In this section I will describe the different steps I took in my research and provide them with a rationale.

Within the discipline of practical theology there is not much attention to human animal relationships. It is quite common for practical theologians to insist that “the practice is the theology and the theology is the practice” (Slee, p?) Yet when it comes to animals, there is little reflection on existing practices and relationships, and the kind of theology that comes out of them.

Whatever the reason may be for this lack of engagement (more about that here), in this thesis I want to take an existing human-bat relationship in a church building in Groningen as my starting point. My thesis is an attempt at following the lines that came out of it, document the places where it led me.

Based on the idea that thought is always thought in process, situated in a place and time, my reflections will have somewhat of a fluid shape. Perhaps  academic theological modes of writing have kept theologians from including animals in their writing. The authors that I will follow as guides in this multispecies endeavor - Donna Haraway, Deborah Bird Rose and Tom Van Dooren - all do have rather peculiar ways of writing in order to do justice to the entanglements they are caught up in.

My research has taken the following shapes: reading, observing, events, making (art, liturgy). All simultaneously, mutually infusing each other.

A big chunk of my time I have been reading literature. I have focused on two different fields of writing. First, I have been searching for theological literature that can help me in looking at the Nieuwe Kerk in Groningen as a multispecies community. This search was not very successful. I’ve come across theological literature about animals and will discuss this literature later on, to show why it didn’t help me further. Secondly, I read literature from the so called ‘environmental humanities’. This did help me in thinking through multispecies relationships, but wasn’t necessarily of a theological nature. In this thesis I attempt to read this work in such a way that it becomes more theological.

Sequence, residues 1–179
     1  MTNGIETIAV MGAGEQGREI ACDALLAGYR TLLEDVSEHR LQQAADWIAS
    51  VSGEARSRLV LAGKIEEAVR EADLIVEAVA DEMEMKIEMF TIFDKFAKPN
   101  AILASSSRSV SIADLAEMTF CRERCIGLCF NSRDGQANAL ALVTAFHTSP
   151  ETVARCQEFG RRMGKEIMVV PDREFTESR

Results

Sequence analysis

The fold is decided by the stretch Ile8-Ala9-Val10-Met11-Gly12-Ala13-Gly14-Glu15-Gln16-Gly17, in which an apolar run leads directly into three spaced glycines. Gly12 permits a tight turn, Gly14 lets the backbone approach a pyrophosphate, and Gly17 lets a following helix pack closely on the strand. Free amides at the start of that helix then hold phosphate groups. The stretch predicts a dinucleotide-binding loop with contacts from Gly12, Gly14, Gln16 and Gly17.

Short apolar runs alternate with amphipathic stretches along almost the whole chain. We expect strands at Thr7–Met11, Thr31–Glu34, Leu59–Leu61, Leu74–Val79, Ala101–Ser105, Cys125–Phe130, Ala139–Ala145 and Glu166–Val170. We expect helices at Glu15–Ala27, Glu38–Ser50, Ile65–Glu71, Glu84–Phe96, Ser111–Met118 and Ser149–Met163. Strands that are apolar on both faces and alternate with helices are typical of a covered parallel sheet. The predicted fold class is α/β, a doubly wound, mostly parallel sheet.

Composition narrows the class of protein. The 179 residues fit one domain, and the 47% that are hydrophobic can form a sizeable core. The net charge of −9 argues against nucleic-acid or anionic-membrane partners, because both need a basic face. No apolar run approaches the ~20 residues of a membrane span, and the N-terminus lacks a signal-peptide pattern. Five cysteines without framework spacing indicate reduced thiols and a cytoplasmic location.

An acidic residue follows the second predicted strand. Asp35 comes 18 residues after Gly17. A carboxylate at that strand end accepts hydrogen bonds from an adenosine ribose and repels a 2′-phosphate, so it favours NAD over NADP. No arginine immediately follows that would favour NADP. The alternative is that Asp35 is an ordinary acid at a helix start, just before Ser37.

Next to reading, my research consisted of observing. I spent time with a bat caretaker and the bats she takes care of. I conducted interviews, with her, with bat advocates and with a bat researcher. I consider them specialists with specific types of knowledges when it comes to bats. Anja Sjoerdsma, for example, has taken care of thousands of bats over the last 20 years.

Two events were part of my research: together with Anja Sjoerdsma I organized a walk around the Nieuwe Kerk in Groningen in which we listened to the bats in the neighborhood. Together with one of the ministers of the Nieuwe Kerk I organized a church service after which I introduced and exhibited my Augmented Reality installation.
Making is the fourth element of my research: the making of an artwork and the writing of this thesis.